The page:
This quote is also from my first report to the FAA local MIDO office, when I was naive and chose not to believe all those press reports about the FAA being the "handmaiden of the aviation industry" and a "tombstone agency."
I think that removing me from the production floor because I was writing up defects and/or disobeying (QA supervisor name's) direction to let shop install the parts they wanted to without a drawing change or NCR is a very serious offense. It increased the ratio of roller stamping inspectors to those, like me, that tried to work to the FAA-approved procedures, documenting defects. I think it jeopardized the safety of our products. I think this should never be allowed, as it states in the quoted Directive section.
Please investigate this, and if the evidence shows that I was removed from the production floor because I was documenting valid defects, please have the guilty persons prosecuted to the fullest extent of the law. Interviewing mechanics and inspectors in the shop should reveal the real reason I was sent there. They always seem to know everything, especially the mechanics. They often know when and where us inspectors will rotate to next, as our QA management will also let shop select which inspectors they get to inspect their work. I never went out and inquired the shop grapevine about my banishment, as I kept my nose to the grindstone, and didn’t want to know.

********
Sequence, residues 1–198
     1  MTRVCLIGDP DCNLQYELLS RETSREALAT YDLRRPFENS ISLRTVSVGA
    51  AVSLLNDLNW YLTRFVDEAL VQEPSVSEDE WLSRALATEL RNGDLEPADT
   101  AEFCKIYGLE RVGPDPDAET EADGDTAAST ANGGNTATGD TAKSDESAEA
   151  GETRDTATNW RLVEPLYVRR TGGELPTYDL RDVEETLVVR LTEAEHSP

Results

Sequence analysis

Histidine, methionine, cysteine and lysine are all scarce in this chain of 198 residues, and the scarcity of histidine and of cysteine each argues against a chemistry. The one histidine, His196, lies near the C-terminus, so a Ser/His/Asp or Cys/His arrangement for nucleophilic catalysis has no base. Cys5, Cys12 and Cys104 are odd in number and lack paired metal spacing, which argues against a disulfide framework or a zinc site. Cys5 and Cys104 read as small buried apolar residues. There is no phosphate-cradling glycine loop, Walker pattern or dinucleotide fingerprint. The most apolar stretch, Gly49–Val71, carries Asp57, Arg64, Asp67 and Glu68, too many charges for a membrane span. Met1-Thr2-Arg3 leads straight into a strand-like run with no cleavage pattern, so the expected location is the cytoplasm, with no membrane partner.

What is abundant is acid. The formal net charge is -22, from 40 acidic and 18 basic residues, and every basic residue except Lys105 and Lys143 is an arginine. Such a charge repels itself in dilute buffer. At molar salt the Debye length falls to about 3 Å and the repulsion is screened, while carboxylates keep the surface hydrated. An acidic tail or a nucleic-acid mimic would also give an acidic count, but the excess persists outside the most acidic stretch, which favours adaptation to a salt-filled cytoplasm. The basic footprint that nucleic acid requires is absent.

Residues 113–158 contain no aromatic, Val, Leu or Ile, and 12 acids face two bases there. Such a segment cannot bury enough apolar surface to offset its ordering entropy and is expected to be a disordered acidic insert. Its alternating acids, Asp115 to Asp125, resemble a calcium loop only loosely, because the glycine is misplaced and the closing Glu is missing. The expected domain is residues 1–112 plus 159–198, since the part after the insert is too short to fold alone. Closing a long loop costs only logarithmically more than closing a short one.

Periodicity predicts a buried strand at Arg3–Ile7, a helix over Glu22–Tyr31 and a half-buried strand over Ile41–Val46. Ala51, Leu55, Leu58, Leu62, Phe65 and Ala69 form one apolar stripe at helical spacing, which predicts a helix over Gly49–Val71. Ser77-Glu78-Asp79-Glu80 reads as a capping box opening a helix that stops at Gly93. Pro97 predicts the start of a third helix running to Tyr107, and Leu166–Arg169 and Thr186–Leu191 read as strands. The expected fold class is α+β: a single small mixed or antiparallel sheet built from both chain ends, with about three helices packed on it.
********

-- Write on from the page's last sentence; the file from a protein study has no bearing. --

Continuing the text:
When I was working on the 747/767 EBU line on 1/18/02 I overheard the following exchange between (Mechanic's name), EBU mechanic, and (inspector's name), line inspector, and immediately documented it:
(Inspector's name): "Gerry won’t buy it".
(Mechanic's name): "Yeah he will".
(Inspector's name): "No he won’t".
(Mechanic's name): "Yeah he will. He doesn‘t want to stuff manuals in the office anymore".
The Last Inspector